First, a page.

4 Reasons It’s Important to Know How You’re Feeling After Treatment

Knowing how you feel is critical to your ongoing addiction recovery

Have you ever been asked, “How are you doing?” but you didn’t really know how to answer? Sometimes people do not expect you to answer the question, because it is conversational shorthand for “hello.” Other times, someone who knows you and cares a great deal about your health and wellness will ask this question. Maybe it comes from a friend or family member who knows that you recently finished inpatient treatment and is wondering, truly, how you are doing. However, regardless of the intent of the asker, one of the most important recovery skills you can master is knowing how you feel at any given moment.

For addicts, one of the primary roles that drugs play is to prevent feelings. Emotional discomfort is one of the primary ways the disease of addiction keeps people using drugs, because addicts learn to mute their emotions by getting drunk or high. Drugs and alcohol become short-term medicine for physical or emotional discomfort; many addicts administer this medication even before they are conscious of any negative feelings. One of the foremost skills of an addict is avoidance of feelings, but this skill only makes negative emotions worse. In time, no drink nor drug will adequately numb your pain.

Learn how you to identify your feelings for the following four reasons:

What do Your Actions Say About Your Feelings?

One reason it is important to know how you feel after addiction treatment is that your feelings impact your actions, which can hurt you and the people you love. Your actions may suggest the following ideas about your feelings:

  • Do you lose your temper quickly?
  • Are you avoiding activities you previously enjoyed?
  • Are you avoiding people?
  • Are you eating significantly more or less than usual or healthy?
  • Are you making reckless choices?
  • Do you find yourself on the edge of tears frequently?

Your actions indicate your feelings. If you find that you are generally positive, helping others, staying engaged in your life and making good choices, then you are probably feeling pretty good! However, the kind of “good” that healthy living makes you feel will seem much less intense than the kind of “good” that getting high makes you feel. On the other hand, if you are exhibiting the negative actions listed above, then you are probably feeling pretty bad. That is OK, though, because feeling bad is a part of life. The most important thing at this time is how you choose to respond to those feelings.

What do Your Circumstances Suggest You Might Feel?

If you are unsure of your feelings, then you might be at risk for acting out in ways that harm yourself and others. Consider, for a moment, the circumstances going on around you. What would an appropriate emotional response be to them? If you suffer the loss of a loved one, then it is perfectly appropriate to feel pain, sadness, regret or even anger. Are you feeling those things or trying to numb yourself to those feelings? Is a condition such as clinical depression preventing appropriate feelings for your circumstances?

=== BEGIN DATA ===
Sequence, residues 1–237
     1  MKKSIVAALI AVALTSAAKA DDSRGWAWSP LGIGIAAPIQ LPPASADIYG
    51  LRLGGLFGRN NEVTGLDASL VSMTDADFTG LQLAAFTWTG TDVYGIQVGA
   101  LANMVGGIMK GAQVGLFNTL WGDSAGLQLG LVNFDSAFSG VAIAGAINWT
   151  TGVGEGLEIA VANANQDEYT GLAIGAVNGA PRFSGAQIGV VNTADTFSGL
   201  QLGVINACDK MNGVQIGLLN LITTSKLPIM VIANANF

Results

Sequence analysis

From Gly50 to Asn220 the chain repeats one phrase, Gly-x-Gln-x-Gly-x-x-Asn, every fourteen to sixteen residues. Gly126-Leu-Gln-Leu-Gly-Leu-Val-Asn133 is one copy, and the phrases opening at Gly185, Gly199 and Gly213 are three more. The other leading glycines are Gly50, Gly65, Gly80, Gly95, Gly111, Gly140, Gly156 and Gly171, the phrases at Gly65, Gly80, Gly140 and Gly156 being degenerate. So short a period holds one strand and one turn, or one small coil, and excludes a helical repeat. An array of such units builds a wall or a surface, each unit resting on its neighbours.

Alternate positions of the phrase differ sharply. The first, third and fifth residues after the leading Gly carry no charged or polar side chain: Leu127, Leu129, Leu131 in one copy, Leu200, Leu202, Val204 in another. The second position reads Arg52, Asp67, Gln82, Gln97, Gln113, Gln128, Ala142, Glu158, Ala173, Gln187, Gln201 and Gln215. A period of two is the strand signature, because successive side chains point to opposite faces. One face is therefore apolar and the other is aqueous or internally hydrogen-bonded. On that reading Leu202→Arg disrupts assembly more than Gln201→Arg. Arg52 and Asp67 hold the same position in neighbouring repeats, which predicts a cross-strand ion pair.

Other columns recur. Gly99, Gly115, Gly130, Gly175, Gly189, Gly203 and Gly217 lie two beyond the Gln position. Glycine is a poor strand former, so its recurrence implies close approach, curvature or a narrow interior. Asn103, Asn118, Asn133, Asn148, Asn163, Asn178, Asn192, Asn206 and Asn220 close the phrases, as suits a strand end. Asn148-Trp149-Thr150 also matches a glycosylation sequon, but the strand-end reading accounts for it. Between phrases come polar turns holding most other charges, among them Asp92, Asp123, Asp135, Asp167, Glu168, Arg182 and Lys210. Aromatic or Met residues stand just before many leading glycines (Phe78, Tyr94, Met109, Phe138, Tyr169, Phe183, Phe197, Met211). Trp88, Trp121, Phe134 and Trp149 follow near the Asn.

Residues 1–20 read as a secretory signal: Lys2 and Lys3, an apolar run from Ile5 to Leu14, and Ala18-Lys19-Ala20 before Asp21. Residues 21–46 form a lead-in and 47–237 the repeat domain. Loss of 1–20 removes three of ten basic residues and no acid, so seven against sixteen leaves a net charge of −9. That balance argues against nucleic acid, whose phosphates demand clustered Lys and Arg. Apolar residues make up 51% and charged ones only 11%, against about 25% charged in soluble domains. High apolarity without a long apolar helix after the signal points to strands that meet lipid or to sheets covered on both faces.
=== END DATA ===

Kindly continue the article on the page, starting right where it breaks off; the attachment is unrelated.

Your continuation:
Some people feel miserable amidst positive circumstances. Perhaps a family member is getting married, but all you can think about are your relationship struggles. Maybe a loved one has passed away, but all you can feel is confusion. Take some time to consider what is happening around you, and then ask yourself if you are feeling the appropriate emotions for those circumstances. Afterwards, allow yourself to have those feelings. Do not try to numb or avoid them; do not get caught up in a wave of self-destructive behavior by them, but do not try to avoid them either.

Your Feelings Drive Your Behavior More Than Your Intentions

It is critical to be aware of your feelings, because the emotional part of your brain directs behavior much more than the conscious or rational part. For this reason, many people cannot stop using drugs even if they decide mentally to do so; the psychological power of the disease is just too strong. However, once you understand your feelings, you can learn to control them instead of allowing them to control you. The simple truth is that you are always feeling something, or a combination of emotions. If you truly do not know how you are feeling, then you remain blind to the triggers and cravings that are certain to come your way.

Mindfulness Is Your Strongest Weapon Against Relapse

It is important to know how you are feeling, because the skill of mindfulness is one of the strongest weapons against relapse. Mindfulness is something more than mere knowledge – with the proper training, you can learn not only to be conscious of your feelings, but also to be in control of the way you process and respond to them. A mindful person can feel a wide range of emotions, label them accurately and describe how they are working in her brain. This skill allows you to break out of the seemingly endless cycle of pain, seeking relief, feeling shame and then feeling more pain. Mindfulness can also help you identify aspects of life that cause pain, which you can then change. It will take significant work to develop these skills, but the effort is worth it.

24 Hour Helpline for Mindfulness and Recovery

If you would like more information about mindfulness and how your emotions affect you, then call our toll-free, 24 hour helpline right now for instant, professional support.